Riding over red dirt roads with a headwind, signaling a storm rolling in.
Sitting out under the mango tree with Dorcas, talking about what the past has taught us and what we hope for the future.
Watching Brazilian soap operas about India, dubbed over in French.
Eating lunch at Rodolphe’s chawarma shop and being given a Kenny G cd for my birthday by that very strange Moroccan man.
Winding through alleys in the market looking for just the right pagne.
Let’s be honest: some days, it feels like Giardia.
Hearing my parents’ voices once a week- all the way from California. Thank goodness for technology!
My host dad, Papa Yeo, and I teasing Dorcas endlessly that she ate all the popcorn. We both know it was actually me.
Praying that the rats in the attic, having a WWF match over my room, will not break one of the ceiling panels and land in my bed. Poor Alyssa has actually had the pleasure of finding a rat in her bed with her…. no thank you.
Brushing my teeth under the stars.
Walking Martine and her 3 year old son, Aracide, home after a visit. Carrying a very sleepy boy down the street and seeing fires gleaming in every courtyard that we pass.
Eating rice and sauce choro out of a giant bowl with 5 other women and burning my hands because the sauce is so hot! Senefo women are tough ladies!
A cool breeze on an overcast morning and hot sun beams by early afternoon.
All 10 of us becoming a year older. CJ turned 24!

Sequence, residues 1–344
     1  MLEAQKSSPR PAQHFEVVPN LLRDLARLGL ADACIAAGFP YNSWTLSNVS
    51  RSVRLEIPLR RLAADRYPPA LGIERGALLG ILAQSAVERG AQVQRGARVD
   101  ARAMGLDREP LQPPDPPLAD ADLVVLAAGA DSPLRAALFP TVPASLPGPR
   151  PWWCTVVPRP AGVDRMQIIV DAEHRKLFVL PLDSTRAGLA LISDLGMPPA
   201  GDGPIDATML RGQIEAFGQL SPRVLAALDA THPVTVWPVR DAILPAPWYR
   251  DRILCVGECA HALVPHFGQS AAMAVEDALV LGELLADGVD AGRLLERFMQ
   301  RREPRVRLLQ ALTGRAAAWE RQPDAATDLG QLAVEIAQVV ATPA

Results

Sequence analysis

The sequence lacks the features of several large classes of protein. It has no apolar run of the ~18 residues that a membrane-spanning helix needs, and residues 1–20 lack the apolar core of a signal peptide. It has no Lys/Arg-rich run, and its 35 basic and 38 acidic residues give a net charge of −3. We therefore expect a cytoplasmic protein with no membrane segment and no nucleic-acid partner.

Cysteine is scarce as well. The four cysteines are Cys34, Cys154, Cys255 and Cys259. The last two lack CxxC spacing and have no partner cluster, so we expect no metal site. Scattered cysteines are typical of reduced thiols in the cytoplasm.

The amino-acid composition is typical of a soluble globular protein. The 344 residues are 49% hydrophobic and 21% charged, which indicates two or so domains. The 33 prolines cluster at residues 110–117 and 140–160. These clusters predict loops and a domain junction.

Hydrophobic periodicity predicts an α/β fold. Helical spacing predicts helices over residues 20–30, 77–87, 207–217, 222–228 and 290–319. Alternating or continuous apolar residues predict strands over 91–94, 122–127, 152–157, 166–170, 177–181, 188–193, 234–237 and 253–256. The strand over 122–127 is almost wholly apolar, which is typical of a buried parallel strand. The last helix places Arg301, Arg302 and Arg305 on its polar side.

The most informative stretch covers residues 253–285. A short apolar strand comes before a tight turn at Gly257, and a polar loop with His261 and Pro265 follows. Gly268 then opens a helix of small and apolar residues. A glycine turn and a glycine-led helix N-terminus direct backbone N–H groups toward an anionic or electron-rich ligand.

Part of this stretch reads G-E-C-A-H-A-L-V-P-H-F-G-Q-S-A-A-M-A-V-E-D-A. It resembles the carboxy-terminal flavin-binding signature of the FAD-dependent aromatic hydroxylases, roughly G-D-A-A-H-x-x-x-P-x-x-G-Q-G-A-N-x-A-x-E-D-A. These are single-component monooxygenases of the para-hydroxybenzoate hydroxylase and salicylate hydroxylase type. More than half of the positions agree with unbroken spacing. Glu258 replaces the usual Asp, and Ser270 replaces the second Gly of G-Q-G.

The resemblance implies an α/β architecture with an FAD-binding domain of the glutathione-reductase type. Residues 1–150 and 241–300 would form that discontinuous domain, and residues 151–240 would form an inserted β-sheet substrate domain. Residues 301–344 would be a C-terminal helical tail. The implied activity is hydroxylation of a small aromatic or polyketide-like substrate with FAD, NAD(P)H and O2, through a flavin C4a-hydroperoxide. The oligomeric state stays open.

Stopping by the Korhogo’s only supermarket so that I can feel air conditioning while I pretend that I’m going to buy something.
Spending the morning hours washing piles and piles of clothes by hand with Mama Yeo and Dorcas. They only let me rinse and hang up since my hands aren’t very good at scrubbing- I guess it’s a lost art.
Never being able to totally blend in because of the color of my skin, but knowing that those closest to us don’t just see a “toubabou” (white person) anymore.
My nameless family dog following me down the street and sitting loyally by my side while I greet friends from church and buy phone credits.
Watching this little girl carry a dinosaur around on her back like it’s her baby. And hearing her jabber on and on in Senefo thinking that I understood it all.
Cote d’Ivoire feels familiar now.
It feels like missing family and friends back home,
but being given a whole other family and home.
It feels like not wanting to say goodbye.